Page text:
Dollywood to build resort, add shows and rides
FILE - This Jan. 19, 2012 file photo shows entertainer Dolly Parton during a news conference in Nashville, Tenn., to announce plans for a water-snow park. Dollywood plans to open DreamMore Resort in 2015. It's part of a planned $300 million expansion to take place over the next decade. A new roller coaster, this one aimed at families, is scheduled to open in 2014. (AP Photo/Mark Humphrey, File)
NASHVILLE, Tenn. (AP) — To see the future of Dollywood, you need to borrow the vision of its chief imaginer, Dolly Parton.
In the near future, Parton sees a resort hotel lobby with a three-story window that frames Mount LeConte — one of the tallest peaks in the Smoky Mountains. Guests will be able to book a grand suite in the hotel that the entertainer uses when she stays in the Pigeon Forge theme park that bears her name.
All of that is future tense, but not very far away. The park plans to open DreamMore Resort in 2015. It's part of a planned $300 million expansion to take place over the next decade.
A new roller coaster, this one aimed at families, is scheduled to open in 2014.
The resort hotel has been Parton's dream ever since she affixed her name to the theme park 28 years ago.
"The thing we're most excited about is finally building our resort," Parton said Friday by telephone from the park in the Smokies foothills.
"We're starting out with a resort that has 300 rooms," she said. "Some of the rooms will accommodate up to six people in a family."
There will be a lot of "front porch spaces" at the resort. Parton noted that during her upbringing nearby, people tended to congregate on front porches or in the kitchen.
This artist rendering released by Dollywood shows a version of a proposed hotel in the Smoky Mountains in Pigeon Forge, Tenn. The park plans to open DreamMore Resort in 2015. It's part of a planned $300 million expansion to take place over the next decade. (AP Photo/Dollywood)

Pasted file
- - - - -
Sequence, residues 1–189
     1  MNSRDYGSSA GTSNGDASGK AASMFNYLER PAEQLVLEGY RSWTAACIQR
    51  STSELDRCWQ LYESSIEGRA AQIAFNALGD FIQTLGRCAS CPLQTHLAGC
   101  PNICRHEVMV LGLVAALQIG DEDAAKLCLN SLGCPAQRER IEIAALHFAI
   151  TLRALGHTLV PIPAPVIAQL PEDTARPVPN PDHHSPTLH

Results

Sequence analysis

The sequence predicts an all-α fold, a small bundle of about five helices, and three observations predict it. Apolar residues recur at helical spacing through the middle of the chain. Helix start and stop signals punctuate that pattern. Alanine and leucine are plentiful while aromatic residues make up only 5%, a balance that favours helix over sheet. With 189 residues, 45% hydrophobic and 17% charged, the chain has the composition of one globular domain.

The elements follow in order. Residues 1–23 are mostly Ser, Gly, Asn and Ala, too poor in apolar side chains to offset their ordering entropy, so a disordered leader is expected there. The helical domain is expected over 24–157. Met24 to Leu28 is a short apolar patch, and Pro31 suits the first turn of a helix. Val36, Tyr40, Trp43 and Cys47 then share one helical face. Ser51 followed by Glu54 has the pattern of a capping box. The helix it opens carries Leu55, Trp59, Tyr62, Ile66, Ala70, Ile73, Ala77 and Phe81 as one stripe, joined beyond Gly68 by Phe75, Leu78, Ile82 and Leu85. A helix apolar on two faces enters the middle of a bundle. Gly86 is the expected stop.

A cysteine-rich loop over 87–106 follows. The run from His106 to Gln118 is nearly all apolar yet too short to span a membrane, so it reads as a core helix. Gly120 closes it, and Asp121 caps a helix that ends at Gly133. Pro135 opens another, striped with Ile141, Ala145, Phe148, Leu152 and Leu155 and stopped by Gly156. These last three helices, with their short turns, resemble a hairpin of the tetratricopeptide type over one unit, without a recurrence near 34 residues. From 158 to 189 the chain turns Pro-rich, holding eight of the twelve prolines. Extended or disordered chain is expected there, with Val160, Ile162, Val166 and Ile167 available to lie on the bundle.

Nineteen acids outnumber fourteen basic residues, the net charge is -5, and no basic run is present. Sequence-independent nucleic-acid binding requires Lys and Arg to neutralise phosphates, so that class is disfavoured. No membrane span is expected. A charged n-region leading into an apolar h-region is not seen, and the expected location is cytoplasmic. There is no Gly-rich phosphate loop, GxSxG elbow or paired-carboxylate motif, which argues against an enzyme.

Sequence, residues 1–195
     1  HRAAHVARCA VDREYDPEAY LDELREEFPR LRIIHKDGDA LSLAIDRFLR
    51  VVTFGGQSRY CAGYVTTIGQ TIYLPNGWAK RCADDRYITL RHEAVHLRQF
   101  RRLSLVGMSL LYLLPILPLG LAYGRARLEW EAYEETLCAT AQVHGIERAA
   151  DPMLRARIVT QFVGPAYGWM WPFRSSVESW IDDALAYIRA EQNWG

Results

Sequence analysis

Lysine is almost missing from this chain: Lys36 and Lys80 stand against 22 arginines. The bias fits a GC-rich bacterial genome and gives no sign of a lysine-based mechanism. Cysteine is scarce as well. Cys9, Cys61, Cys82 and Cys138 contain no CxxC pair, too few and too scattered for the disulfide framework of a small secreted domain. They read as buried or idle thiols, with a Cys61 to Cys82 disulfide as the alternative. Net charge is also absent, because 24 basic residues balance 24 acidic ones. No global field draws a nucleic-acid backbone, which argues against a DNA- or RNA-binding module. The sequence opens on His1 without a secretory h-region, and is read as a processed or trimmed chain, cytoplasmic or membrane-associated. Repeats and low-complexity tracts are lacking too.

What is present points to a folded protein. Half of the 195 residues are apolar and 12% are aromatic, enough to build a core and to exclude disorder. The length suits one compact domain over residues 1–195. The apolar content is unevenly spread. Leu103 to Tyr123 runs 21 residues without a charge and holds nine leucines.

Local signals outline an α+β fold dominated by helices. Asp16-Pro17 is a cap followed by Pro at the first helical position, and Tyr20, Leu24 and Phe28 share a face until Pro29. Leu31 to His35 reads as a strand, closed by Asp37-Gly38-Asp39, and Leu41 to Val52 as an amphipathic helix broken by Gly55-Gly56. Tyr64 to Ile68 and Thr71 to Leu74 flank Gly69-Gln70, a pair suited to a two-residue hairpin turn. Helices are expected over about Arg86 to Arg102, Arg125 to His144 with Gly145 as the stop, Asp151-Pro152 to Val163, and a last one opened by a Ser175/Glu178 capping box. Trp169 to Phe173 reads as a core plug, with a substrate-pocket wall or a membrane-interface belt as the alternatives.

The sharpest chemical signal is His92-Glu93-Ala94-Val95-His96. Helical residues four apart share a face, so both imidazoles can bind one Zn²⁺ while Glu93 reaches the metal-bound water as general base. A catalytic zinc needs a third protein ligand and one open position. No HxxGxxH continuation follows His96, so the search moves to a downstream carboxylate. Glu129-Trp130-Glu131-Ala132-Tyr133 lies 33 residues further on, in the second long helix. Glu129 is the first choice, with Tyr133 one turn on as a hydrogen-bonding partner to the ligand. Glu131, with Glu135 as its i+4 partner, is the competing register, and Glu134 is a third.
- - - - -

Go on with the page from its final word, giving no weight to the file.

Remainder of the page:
A fishing pond will be on the property where children can catch their first whopper and there will be fire pits where families can roast marshmallows.
People walking into the lobby will be greeted with a glass of lemonade in the summer and a cup of hot chocolate during winter months.
The total dollar investment in the next decade will exceed the company's spending on Dollywood so far, said Craig Ross, president.
"In 10 years' time, we will have spent more than we've spent since the inception back in 1986 ..." Ross said.
The plan includes multiple additional resorts as well as more rides and shows.
"It's the bigger scope of these attractions that we'll be adding that's different," Ross said.
The first of the new attractions will be Fire Chaser Express, scheduled to open next year. It's a ride described as exciting, but not as intense as the Wild Eagle or Dollywood's water coaster, RiverRush. Children of elementary school age will be able to ride it.
Research by Dollywood showed executives the resort will make a difference for many people looking to vacation in the mountains.